meets requirements for permanence

The back page of my copy of Emerson’s Journals, 1841-1877, has a few words printed on it, a kind of poem (it is actually centered, but I can’t seem to add the html code here):

This book is set in 10 point Linotron Galliard,
a face designed for photo composition by Matthew Carter
and based on the sixteenth-century face Granjon. The paper
is acid-free lightweight opaque and meets the requirements
for permanence of the American National Standards Institute.
The binding material is Brillianta, a woven rayon cloth made
by Van Heek-Scholco Textielfabricken, Holland. Compo-
sition by Dedicated Business Services. Printing by
Malley Incorporated. Binding by Dekker Book-
binding. Designed by Bruce Campbell.

The paper is not really “opaque.” It’s slightly translucent, but not in a way that distracts from your reading. A narrow forest green satin ribbon is attached to the inside binding, to use as a bookmark. Its color matches the cloth cover. The book smells slightly of ink.

I’m fixated on this for the moment, while remembering that when I was in high school I made myself a book. It had some graphics and some text. I can’t remember if I sewed it together, or if I stapled it. But I do remember that the process made me incredibly and inexplicably happy. And it wasn’t really so much about having a book, or having made a “permanent” thing (now long lost), but rather it was the process.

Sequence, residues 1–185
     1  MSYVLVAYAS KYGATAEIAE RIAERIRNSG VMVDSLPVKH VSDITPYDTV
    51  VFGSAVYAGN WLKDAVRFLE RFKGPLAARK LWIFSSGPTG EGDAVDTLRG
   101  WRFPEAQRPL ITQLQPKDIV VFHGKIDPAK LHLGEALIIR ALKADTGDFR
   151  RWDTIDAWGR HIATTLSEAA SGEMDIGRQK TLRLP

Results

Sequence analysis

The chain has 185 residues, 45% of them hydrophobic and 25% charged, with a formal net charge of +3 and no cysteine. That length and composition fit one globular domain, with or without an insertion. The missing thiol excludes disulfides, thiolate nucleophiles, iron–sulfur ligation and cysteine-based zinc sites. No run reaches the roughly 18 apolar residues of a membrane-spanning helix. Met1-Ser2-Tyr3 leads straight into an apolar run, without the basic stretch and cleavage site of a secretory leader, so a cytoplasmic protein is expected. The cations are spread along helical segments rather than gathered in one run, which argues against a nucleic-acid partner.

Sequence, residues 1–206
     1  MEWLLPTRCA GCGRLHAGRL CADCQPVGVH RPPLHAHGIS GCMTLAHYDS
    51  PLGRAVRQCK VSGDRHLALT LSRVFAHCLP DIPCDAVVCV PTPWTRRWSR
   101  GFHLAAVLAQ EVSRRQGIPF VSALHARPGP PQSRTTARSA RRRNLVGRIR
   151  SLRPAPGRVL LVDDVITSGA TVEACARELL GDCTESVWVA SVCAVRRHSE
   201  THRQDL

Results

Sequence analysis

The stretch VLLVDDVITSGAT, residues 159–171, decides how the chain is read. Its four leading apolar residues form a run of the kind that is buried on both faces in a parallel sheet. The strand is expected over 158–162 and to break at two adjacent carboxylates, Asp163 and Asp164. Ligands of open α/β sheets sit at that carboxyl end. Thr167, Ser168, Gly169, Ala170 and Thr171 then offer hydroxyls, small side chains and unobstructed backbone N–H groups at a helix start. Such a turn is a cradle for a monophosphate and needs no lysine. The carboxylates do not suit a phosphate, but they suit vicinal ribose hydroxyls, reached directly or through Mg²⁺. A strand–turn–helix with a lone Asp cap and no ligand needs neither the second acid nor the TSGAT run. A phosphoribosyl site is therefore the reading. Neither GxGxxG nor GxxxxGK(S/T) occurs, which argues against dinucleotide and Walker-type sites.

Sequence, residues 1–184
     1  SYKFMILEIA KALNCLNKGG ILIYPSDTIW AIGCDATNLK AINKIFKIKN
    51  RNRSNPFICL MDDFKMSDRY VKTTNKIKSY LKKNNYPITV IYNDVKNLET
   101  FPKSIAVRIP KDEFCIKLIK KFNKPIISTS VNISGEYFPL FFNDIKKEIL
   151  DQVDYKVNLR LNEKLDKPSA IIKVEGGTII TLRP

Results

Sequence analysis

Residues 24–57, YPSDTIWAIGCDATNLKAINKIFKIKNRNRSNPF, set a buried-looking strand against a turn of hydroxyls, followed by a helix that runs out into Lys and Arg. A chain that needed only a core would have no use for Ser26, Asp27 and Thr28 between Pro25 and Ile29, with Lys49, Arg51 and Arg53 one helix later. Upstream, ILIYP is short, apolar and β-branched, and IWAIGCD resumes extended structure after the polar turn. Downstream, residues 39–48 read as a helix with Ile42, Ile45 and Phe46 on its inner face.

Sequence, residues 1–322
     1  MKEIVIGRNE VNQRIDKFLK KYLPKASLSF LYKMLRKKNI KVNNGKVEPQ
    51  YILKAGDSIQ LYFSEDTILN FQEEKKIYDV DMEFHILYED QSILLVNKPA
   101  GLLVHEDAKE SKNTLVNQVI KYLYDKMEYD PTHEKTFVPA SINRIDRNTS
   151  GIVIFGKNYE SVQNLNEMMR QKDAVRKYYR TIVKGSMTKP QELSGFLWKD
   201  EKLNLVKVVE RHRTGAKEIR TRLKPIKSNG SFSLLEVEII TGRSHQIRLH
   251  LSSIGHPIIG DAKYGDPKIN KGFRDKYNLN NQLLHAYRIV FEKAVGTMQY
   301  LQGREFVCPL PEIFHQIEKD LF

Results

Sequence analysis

Newspapers, on the other hand, are not made for permanence, and no one seems to care much about the process. They are (were?) meant to be read and thrown away. This I know well, after unfolding a copy of the Philippine Advocate (published in Seattle), c.1934 and watching the brown pages crumple to pieces on the copier glass.

Still, a text can go through many different, and perhaps unexpected lives. From a 1934 issue of the Philippine Advocate, I posted a brief excerpt of a poem (by a poet few people have heard of) on Facebook, and queried if anyone would be interested in trying their hand at translating. Someone probably donated the newspaper to the university library, and a librarian, probably many years ago, put the newspaper on microfilm. And one day I ran it through the machine, and made a copy. Who knows what happened to the original. So far I’ve had about half a dozen responses; they included two cousins, and some friends—several of whom are poets.

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